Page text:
At this point the criticism can be mentioned that if we follow minority opinions this can cause a breakdown in Muslim societies where everyone follows random opinions. That would only be true if we were robot-like creatures whose brains had to be programmed by the scholars. In reality, humans who in good conscience try to find out the truth about things and who listen to the scholars and follow the best opinions they hear are bound to be rightly guided. If we believe in the Quran’s teachings and try to follow them in good faith, then that is most of Islam. It would be extremely unjust to call a Muslim evil and misguided despite the fact that they read the Quran and do their best to follow it just because they differ from us in some opinions.

The reality of Muslim societies today is sufficient to support my opinion. Talk to any devout Muslim and you will find that they have various personal opinions that disagree with the commonly accepted ones. They continue to be faithful and devout and continue to belong to the Muslim community. This was also the experience of Imam Malik’s community; there was strong disagreement on most issues inside Medina and outside it. Instead of this leading to hatred and division, people continued to respect each other and the community was united around the core teachings of Islam without using the side issues as causes for division. This is how unity is achieved: by agreeing on a small number of things (the core teachings of Islam) and respecting people’s right to disagree on everything else.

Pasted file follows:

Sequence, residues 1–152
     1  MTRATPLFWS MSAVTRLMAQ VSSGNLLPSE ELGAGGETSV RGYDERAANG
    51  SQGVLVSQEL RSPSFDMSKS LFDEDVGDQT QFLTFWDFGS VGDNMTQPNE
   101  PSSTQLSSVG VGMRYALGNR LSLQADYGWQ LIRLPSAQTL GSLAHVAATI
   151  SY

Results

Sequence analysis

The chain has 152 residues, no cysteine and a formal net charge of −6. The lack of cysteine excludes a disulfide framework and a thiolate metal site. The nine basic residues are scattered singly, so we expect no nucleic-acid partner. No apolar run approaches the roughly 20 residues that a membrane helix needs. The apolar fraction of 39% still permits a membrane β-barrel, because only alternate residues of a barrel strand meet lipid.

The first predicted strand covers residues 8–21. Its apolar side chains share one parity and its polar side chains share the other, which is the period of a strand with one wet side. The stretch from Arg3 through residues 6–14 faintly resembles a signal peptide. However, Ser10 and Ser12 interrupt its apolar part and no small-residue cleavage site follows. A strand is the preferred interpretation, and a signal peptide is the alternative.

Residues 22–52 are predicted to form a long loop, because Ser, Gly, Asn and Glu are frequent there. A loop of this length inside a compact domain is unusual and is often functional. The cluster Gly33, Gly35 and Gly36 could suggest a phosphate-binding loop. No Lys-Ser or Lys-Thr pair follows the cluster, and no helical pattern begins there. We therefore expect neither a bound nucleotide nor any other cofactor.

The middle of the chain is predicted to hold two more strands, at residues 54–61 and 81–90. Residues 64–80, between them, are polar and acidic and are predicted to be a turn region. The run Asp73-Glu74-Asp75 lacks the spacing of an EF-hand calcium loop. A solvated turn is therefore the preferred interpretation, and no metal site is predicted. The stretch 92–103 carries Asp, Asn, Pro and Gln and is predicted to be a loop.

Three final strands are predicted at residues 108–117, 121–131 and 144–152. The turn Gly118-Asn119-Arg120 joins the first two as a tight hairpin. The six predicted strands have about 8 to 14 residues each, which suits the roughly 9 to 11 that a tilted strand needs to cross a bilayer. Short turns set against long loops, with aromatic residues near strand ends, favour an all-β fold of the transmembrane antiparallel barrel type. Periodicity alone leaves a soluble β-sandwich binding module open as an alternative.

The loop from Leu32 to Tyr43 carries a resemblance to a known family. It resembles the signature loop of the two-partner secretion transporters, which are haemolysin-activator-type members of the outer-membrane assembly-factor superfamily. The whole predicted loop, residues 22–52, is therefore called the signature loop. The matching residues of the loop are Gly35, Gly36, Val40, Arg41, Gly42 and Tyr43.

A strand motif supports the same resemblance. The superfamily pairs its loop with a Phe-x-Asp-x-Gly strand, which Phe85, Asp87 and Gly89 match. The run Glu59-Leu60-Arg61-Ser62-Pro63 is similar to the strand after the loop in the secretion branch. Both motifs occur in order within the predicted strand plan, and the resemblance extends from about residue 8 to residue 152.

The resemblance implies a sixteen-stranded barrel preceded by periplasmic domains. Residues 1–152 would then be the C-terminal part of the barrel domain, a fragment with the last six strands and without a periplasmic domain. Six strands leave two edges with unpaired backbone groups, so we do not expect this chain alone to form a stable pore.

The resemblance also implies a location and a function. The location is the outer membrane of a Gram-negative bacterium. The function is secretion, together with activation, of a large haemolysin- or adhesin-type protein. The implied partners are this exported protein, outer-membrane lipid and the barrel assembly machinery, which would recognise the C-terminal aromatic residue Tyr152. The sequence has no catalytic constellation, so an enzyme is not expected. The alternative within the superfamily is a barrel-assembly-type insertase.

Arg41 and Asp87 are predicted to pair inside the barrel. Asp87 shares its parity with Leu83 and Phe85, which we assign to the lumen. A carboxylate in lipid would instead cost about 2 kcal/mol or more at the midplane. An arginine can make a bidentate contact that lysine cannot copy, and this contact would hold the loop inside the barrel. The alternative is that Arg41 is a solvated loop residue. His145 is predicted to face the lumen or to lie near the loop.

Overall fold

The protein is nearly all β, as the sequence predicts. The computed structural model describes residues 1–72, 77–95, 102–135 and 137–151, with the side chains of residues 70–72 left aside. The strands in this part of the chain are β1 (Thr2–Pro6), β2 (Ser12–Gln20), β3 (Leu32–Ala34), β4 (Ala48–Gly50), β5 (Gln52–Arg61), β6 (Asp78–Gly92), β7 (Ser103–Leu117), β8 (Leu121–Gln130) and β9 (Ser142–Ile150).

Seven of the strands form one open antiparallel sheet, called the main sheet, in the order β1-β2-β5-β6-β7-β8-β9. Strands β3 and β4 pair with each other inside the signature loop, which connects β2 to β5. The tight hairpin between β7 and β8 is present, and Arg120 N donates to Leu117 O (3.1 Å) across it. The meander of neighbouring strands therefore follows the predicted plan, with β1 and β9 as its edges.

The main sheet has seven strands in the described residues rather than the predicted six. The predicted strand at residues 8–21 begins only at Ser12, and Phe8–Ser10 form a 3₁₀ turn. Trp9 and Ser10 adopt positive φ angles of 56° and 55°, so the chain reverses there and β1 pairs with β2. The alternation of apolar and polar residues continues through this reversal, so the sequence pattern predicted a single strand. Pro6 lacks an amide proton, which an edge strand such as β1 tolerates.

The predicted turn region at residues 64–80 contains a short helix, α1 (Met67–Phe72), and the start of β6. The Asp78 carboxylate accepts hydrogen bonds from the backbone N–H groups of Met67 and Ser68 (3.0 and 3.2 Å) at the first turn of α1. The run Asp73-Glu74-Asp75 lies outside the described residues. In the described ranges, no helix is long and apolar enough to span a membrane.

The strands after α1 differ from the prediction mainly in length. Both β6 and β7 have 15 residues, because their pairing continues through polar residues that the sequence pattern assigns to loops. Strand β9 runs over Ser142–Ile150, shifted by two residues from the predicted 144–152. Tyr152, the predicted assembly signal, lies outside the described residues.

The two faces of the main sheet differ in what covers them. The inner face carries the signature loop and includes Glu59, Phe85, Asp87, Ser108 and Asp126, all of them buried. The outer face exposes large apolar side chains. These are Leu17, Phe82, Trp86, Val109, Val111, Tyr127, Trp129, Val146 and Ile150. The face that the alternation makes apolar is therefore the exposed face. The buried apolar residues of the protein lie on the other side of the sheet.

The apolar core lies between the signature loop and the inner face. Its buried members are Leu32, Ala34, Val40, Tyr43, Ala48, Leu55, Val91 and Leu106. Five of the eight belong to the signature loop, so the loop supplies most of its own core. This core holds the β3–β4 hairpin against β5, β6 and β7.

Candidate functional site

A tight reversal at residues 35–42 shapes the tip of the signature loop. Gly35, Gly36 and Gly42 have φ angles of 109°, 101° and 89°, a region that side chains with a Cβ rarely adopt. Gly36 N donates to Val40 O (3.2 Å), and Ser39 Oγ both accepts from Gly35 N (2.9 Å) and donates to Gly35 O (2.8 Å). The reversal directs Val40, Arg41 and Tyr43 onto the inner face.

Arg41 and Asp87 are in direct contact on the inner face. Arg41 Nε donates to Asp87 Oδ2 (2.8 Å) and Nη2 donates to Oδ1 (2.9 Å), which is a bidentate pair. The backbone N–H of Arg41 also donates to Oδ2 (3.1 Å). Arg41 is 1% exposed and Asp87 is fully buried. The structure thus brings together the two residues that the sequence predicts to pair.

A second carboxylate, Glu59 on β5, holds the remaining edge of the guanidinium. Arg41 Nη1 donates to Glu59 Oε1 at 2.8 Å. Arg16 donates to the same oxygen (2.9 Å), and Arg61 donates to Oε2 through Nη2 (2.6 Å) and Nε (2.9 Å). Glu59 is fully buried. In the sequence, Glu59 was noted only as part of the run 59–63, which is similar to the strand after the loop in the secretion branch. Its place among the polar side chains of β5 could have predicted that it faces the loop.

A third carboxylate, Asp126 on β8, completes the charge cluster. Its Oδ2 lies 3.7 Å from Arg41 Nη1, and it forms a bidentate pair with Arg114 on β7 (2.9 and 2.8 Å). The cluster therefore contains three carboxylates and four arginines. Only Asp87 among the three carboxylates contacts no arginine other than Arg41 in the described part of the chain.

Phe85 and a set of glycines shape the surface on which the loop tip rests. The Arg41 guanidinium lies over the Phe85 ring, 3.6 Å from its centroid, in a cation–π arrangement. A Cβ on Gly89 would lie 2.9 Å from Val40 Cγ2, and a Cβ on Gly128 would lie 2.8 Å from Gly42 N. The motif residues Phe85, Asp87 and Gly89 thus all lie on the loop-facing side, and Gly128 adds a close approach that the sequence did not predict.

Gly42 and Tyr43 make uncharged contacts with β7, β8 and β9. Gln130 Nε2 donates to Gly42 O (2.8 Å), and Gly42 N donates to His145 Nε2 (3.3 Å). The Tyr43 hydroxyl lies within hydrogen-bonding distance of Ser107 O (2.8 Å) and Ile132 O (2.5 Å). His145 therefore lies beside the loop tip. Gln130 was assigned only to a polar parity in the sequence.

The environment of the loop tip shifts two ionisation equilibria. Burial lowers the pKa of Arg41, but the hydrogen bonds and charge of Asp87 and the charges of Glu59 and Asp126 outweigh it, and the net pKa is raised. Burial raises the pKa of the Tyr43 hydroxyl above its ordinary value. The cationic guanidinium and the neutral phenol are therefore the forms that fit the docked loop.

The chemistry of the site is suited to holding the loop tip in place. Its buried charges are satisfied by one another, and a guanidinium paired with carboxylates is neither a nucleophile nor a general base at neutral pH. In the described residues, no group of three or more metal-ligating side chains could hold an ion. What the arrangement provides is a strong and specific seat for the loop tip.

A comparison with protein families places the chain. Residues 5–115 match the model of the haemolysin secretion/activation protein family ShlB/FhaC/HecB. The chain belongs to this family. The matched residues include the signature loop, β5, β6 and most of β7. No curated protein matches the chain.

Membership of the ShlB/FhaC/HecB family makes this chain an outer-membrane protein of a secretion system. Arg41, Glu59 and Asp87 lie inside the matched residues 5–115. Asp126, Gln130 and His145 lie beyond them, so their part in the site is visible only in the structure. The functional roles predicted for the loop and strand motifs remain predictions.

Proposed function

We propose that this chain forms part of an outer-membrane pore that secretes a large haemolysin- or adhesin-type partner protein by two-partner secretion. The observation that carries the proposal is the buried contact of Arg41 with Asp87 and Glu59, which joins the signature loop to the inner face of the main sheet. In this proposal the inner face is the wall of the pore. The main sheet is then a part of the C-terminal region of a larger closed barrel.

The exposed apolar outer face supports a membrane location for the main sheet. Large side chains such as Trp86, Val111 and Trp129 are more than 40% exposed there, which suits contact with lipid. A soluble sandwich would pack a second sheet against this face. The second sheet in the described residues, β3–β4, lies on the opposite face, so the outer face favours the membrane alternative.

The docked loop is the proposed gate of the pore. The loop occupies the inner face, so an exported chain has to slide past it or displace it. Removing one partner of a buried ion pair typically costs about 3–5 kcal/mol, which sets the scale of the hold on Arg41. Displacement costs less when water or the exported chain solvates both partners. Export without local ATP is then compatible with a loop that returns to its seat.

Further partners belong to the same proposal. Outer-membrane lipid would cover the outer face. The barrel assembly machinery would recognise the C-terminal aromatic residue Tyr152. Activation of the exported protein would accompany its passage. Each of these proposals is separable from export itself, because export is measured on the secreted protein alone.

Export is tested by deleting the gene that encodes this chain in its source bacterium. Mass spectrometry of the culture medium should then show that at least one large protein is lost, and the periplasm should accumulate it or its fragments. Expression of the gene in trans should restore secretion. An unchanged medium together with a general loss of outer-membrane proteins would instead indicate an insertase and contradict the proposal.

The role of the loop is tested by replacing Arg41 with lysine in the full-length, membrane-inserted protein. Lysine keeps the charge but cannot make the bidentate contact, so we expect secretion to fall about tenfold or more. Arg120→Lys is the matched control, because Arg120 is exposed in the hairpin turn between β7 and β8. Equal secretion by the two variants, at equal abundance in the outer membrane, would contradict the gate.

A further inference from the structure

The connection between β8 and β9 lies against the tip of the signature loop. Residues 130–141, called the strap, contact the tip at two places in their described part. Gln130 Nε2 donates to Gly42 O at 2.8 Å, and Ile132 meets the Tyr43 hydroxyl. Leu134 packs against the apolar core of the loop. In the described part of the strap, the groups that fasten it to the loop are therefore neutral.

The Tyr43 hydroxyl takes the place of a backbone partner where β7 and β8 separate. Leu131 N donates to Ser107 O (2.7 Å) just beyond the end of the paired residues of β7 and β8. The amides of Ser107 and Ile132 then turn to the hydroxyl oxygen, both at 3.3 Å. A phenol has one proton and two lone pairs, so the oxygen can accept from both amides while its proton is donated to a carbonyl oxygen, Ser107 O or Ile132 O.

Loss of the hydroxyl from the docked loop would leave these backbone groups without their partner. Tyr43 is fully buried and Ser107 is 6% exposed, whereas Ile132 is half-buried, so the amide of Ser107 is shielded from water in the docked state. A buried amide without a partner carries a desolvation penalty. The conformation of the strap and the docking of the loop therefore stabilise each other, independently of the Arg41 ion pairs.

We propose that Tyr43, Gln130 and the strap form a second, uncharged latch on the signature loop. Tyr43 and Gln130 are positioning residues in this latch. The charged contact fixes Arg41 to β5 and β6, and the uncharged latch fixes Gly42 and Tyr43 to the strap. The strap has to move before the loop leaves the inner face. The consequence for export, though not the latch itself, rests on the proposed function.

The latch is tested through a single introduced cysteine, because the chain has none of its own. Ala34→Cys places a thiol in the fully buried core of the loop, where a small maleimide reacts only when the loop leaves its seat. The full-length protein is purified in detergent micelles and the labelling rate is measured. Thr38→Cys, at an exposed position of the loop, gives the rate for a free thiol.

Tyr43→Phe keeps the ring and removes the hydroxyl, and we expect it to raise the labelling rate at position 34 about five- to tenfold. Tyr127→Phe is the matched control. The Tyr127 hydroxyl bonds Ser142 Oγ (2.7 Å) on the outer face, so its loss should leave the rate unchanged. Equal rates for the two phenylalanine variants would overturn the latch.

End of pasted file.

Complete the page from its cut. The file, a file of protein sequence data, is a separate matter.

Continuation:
There is no such thing as kind-hearted and well-intentioned people who read the Quran and the Sunnah and follow the best opinions they hear from the scholars and who are evil and misguided (as takfīrī Wahhabis think there are). This type of thinking assumes that God does not exist; that He is happy to watch humans go to ruin even though they believe in Him, worship Him, pray to Him and read His Book. This, of course, is pure fantasy; it is an invention of those who wish to imply that only they are the truly guided ones. This gives them the moral right to attack, defame and even murder those who disagree with them.

At this point I should mention a hadith much abused by takfīrīs in which it is mentioned that the Muslims will separate into 73 sects and that all of them will enter the Hellfire except one. It is generally accepted that the part that says “all of them will be thrown into Hell save one” is a fabrication added to the hadith later on.

On fighting desires when alone

How do you fight desires when you're alone?

There is no guaranteed way to control desires if the desire is strong and one has the privacy to engage in it without suffering material consequences. A person who wants to lose weight will almost certainly not be successful if they have a freezer full of ice cream. Regardless of their will power, when the desire is strong enough and the desired thing is easy enough to get, people succumb sooner or later.

What one should do is rearrange their life so that engaging in that desired thing becomes more difficult. A person who seriously desires something can come up with all kinds of creative ways to get over obstacles to get what they desire. You have to do the same thing but in the opposite direction, coming up with creative ways of making it more difficult to get the desired thing.